|Pic by David Harper|
Happy New Year!
“Start by doing what is necessary; then what is possible; and suddenly you are doing the impossible.”
That quote from St Francis is great advice for writers who are hungry for success. You can build on it by taking a long, hard look at what success means to you. Many writers expect to earn a million within a week of typing “The End” on their last page, and are crushed when it doesn’t happen. There’s no need to be disappointed. Reconsider what success means to you, and you’ll make the impossible a lot easier to achieve. Then you can work towards making 2015 your best writing year ever.
Here are some reasons to be cheerful…
1. Making the effort to get thousands of words down on paper, or up on a screen is an amazing achievement. Millions of people dream about writing a book, but aren’t brave enough to try. Some start, but don’t last the course. Think how you’d feel if this was the year you finished the story you’ve always wanted to write. Set aside some time each day, make a plan, and commit to making your dream come true. For hints and tips on writing, visit my website, and follow my series of blogs called The Birth of A Book (You can read Part One here)
1a. You can come back to this one when you’ve read Point 8, below!
2. If you’ve already written a book, getting it published is the next big hurdle. Whether you are accepted by a traditional publisher, or choose to publish it yourself, neither route is easy. If you send your work out into the world in 2015, you can be proud. If you rise to the challenges and manage to get into print, that’s a bonus.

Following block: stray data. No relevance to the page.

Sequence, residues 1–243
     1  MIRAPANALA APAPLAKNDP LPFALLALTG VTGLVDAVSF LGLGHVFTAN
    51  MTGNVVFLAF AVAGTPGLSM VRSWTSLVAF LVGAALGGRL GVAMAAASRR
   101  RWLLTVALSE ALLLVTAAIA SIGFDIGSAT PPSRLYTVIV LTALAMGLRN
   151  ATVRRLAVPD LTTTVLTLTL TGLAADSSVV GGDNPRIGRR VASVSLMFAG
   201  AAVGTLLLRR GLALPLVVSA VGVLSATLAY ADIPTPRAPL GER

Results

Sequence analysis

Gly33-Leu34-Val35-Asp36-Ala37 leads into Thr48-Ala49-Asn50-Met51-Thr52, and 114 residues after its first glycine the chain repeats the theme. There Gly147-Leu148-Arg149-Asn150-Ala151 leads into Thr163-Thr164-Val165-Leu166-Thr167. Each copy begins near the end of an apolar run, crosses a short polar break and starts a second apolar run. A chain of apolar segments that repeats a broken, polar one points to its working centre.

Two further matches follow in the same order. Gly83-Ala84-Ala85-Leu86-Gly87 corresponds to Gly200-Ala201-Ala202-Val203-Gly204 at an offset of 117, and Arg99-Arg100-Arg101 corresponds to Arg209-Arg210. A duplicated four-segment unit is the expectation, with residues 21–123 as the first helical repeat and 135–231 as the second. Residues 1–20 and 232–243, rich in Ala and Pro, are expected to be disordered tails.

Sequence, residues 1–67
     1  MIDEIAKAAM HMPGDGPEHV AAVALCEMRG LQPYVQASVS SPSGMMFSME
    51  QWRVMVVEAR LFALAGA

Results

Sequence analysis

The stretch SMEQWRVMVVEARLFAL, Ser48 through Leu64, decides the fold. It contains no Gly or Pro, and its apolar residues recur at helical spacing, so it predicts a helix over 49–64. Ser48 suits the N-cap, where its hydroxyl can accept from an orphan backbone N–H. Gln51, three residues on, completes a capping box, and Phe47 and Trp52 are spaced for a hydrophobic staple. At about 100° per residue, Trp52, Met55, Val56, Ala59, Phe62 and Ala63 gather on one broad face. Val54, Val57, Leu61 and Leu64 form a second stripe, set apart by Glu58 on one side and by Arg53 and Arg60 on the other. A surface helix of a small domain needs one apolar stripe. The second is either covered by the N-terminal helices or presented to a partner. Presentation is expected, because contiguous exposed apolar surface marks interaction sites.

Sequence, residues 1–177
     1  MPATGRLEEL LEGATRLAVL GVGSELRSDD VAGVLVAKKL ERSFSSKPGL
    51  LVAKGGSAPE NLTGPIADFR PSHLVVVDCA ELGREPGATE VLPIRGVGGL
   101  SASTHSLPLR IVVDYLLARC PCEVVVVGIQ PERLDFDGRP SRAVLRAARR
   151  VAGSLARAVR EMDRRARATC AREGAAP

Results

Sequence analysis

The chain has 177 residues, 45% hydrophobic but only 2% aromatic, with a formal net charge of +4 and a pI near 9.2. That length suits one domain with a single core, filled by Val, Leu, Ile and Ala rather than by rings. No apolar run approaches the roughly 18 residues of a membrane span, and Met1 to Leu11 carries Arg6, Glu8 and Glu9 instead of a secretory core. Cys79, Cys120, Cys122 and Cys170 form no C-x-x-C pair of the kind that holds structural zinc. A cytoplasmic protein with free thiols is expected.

4. Getting good reviews—with so many books on the market, catching a reviewer’s eye is very difficult. Get a friend to vet any reviews for your book in advance, in case reading a bad one scars you for life (it can happen). Your kind reader can strain any constructive criticism from one-star scaldings, and giving you the chance to up your game. Writers should never miss a chance to learn about their craft, and readers are the best teachers. Give them more of what they want to read, and both sides will be happy.
5. Your first royalty payment, no matter how small, will be another reason to get out and celebrate.
6. Covering your costs is good—if you do nothing more than that in 2015, you’ll have earned more than many self-published authors do.
7. Making any sort of profit at all is an amazing feat, and if you manage this, you’re a success (of course, if you really do make a million, you don’t need me to tell you that!). Don’t forget to squirrel half away somewhere safe in case of a tax-bill, or to create a contingency fund.
8. Finishing your second book is the success you should be aiming for from the time you’ve got to point 1a (see above). Writing books is a continuous process. As one book is finished, ideas for the next one should be jostling for writing-time. Make notes, and work on your next book while you’re working on the publication of your first.
Long before I had a contract for the first book in what became my Princes of Kharova series, His Majesty’s Secret Passion, I was already hard at work on the follow up, Her Royal Risk. That manuscript had a good title, as I was taking a risk the first book would be accepted. The idea for Her Royal Risk started with my Beta readers. They wanted to know what happened to the minor characters in His Majesty’s Secret Passion after the book ended, so I picked up on their interest and gave them what they asked for as soon as I could.
I was lucky: His Majesty’s Secret Passion will be published by Wild Rose Press within the next few weeks, and Her Royal Risk follows later this year. To be in on all the excitement, click “like” on my author page on Facebook, here, or follow me on Twitter.
Once again, Happy New year!